About the Post

Author Information

Founder and Owner of the Flexbone Association. Since 2007 we have provided the tools necessary for teams to succeed running the Flexbone Association System. Over the last ten years over 200 teams have been instructed by the Flexbone Association. I've consulted with teams and or run camps everywhere from Belfair, WA to Key West, FL. The Flexbone Association strives daily to help coaches succeed with this time tested offense, I have been a football coach for 16 seasons, currently at Harrison High School in Kennesaw, GA I played at St. Mary's Springs High School in Fond du Lac, WI under legendary head coach Bob Hyland. I've been fortunate to be part of five state championship teams (1997,1998,2002,2011,2012). In 2011-2012 St. Mary's Springs led the state of Wisconsin in scoring and set consecutive school records for points scored, Psalm 27

Why Flexbone Is Better Than Split Back Veer


I couldn’t find the old article written probably two years ago, but since I’ve been asked today by an interested camp client, I decided to once again make clear why the Flexbone Offense is a much better offensive system than the Split Back Veer. These are not in an order of most to least important. I am simply recording them as I develop the idea.

Split Back Veer Con’s

  • Aligning with two backs in the backfield along with a tight end reduces the amount of vertical passing threats you have. In this situation you are begging the defense to put 8-9 defenders in the box.
  • How many times do you have two equally good running backs, who are both skilled enough to run with power between the tackles, yet at the same time catch a pitch and run with speed and agility outside the tackles?
  • You can be more tendency heavy if you don’t have two equal running backs because one is more likely your dive back, and the other is more likely your pitchback.
  • You need a tight end, and in some cases two tight ends
  • Midline is difficult to run
  • You have to teach the dive and pitch phases of the offense to all the running backs you have, which doubles the time needed to run Split Back Veer
  • It’s difficult to get more than three receiving threats into a route.
  • The tighter splits compress the defense
  • Running tripe option (inside veer) to the nub side allows the defense to squeeze and scrape the offensive tackle, which leads to the offensive getting outnumbered when running triple option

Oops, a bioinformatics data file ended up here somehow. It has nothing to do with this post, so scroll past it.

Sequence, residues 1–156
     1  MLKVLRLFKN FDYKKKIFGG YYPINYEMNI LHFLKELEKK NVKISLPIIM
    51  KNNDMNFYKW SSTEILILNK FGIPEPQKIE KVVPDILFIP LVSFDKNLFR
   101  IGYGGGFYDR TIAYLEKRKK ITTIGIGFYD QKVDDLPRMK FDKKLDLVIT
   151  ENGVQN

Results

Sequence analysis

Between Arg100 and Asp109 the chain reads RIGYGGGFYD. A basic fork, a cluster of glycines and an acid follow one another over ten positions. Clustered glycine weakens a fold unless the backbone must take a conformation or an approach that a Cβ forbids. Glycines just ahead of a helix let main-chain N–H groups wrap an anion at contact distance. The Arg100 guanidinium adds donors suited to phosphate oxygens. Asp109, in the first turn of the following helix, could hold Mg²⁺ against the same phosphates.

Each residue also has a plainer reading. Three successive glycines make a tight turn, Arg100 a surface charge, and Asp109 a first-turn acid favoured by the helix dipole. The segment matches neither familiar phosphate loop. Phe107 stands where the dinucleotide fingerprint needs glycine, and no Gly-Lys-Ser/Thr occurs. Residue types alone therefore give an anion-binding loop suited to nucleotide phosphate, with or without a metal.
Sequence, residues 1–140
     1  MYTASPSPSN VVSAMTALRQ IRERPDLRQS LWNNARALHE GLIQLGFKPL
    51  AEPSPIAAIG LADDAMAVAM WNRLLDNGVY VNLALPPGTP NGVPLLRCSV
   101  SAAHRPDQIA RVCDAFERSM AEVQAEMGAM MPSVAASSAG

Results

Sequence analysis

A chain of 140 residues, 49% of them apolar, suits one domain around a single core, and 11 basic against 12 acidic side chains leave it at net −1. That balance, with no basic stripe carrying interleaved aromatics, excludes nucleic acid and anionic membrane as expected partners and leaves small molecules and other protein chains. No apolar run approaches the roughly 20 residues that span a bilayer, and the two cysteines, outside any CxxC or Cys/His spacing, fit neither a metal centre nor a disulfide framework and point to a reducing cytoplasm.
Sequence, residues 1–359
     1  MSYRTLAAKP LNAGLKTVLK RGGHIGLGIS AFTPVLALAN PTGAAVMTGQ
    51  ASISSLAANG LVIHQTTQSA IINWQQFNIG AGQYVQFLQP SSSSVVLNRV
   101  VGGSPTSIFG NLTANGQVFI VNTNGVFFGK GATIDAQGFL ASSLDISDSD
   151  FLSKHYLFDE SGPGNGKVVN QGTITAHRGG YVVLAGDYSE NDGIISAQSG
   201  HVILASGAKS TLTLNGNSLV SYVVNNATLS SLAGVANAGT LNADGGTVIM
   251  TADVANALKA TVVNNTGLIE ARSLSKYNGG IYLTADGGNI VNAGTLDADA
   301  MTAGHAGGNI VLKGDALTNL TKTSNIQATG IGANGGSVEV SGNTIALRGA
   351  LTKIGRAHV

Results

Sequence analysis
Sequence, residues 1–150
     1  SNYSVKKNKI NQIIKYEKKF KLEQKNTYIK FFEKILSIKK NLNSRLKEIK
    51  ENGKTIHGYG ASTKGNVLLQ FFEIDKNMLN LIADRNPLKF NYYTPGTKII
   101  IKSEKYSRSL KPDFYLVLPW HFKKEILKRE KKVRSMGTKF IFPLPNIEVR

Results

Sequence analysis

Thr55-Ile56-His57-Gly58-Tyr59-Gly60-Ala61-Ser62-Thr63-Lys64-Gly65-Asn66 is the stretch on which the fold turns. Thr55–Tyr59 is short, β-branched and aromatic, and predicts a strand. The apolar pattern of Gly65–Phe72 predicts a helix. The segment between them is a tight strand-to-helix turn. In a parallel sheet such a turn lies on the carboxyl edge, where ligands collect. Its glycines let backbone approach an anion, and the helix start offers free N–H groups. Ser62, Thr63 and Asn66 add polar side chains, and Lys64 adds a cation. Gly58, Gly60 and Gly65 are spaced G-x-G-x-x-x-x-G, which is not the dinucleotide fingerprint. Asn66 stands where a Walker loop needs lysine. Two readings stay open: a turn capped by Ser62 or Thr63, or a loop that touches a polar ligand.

Flexbone Pro’s

  • You can manipulate the defense more with purpose out of more formations with the Flexbone
  • You can feature one back in the Flexbone
  • You can align in a balanced formation which forces the defense to balance or be at a disadvantage to one side of the formation
  • Three foot splits widen the interior running lanes
  • Four vertical receiving threats forces the defense to account for them
  • Modern passing concepts are easier to incorporate.
  • You can assure yourself you will have four blockers to each side when running triple option
  • Better counter opportunities with backfield action, which adds deception
  • Rocket Toss is a better perimeter play that Split Back Veer Quick Pitch
  • The most restrictive play (Midline) and the most expansive play (Rocket Toss) can be run with the same action. These two plays and this action is unavailable to Split Back Veer teams
  • The dive path of the B-Back from a more central location to run outside veer makes the quarterback’s footwork easier to execute
  • A-Backs are easier to find than Tight Ends
  • The defenses is forced to become more spread from sideline to sideline because you aren’t putting two running backs in the backfield
  • It’s easier to get to the edge with the Flexbone
  • Split Back Veer coaches love Outside Veer. Ask them how many times they get to the pitch phase on Outside Veer. 
  • Makes it difficult for the defense to run the under front
  • Better A-Gap threat (Midline)
  • You have the Flexbone Association

Photo: Navy Athletics

Advertisements

Tags: , , , , , , , , , , , , , , , , , , , , , , , , , , , , , , , , , , , , , , , , , , , , , , , , , , , , , , , , , , , , , , , , , , , , , , , , , , , , , , , , , , ,

3 Comments on “Why Flexbone Is Better Than Split Back Veer”

  1. Scott Jazdzewski November 21, 2013 at 9:09 AM #

    I dont advocate snapping the ball in the air at all. I’m posting an article on Monday detailing why coaches shouldnt run the pistol either. The same split back concerns from under center apply here compounded with the issues of an accurate shotgun snap on every play.

  2. Charles November 21, 2013 at 8:43 AM #

    Coach, what are your thoughts on the Split Back Veer from the gun. Wofford College another Flexbone team, has a gun option package with two running backs, where they run Trap, Trap Option, Belly Option, and Midline Option. I’ve seen this in action last year, but in this package they don’t have the threat of four vertical threats and they struggled. As a future coach, I like this package, but the con’s turn me away from running this.

Trackbacks/Pingbacks

  1. The Pistol Disadvantage | Flexbone Association - November 25, 2013

    […] it much more difficult to run the load scheme. You concede this advantage to the defense. Akin to Split Back Veer teams, having complications on the nub side against squeeze and scrape defensive stunts, Pistol Flexbone teams find themselves in the same […]

Leave a Reply

Fill in your details below or click an icon to log in:

WordPress.com Logo

You are commenting using your WordPress.com account. Log Out / Change )

Twitter picture

You are commenting using your Twitter account. Log Out / Change )

Facebook photo

You are commenting using your Facebook account. Log Out / Change )

Google+ photo

You are commenting using your Google+ account. Log Out / Change )

Connecting to %s

%d bloggers like this: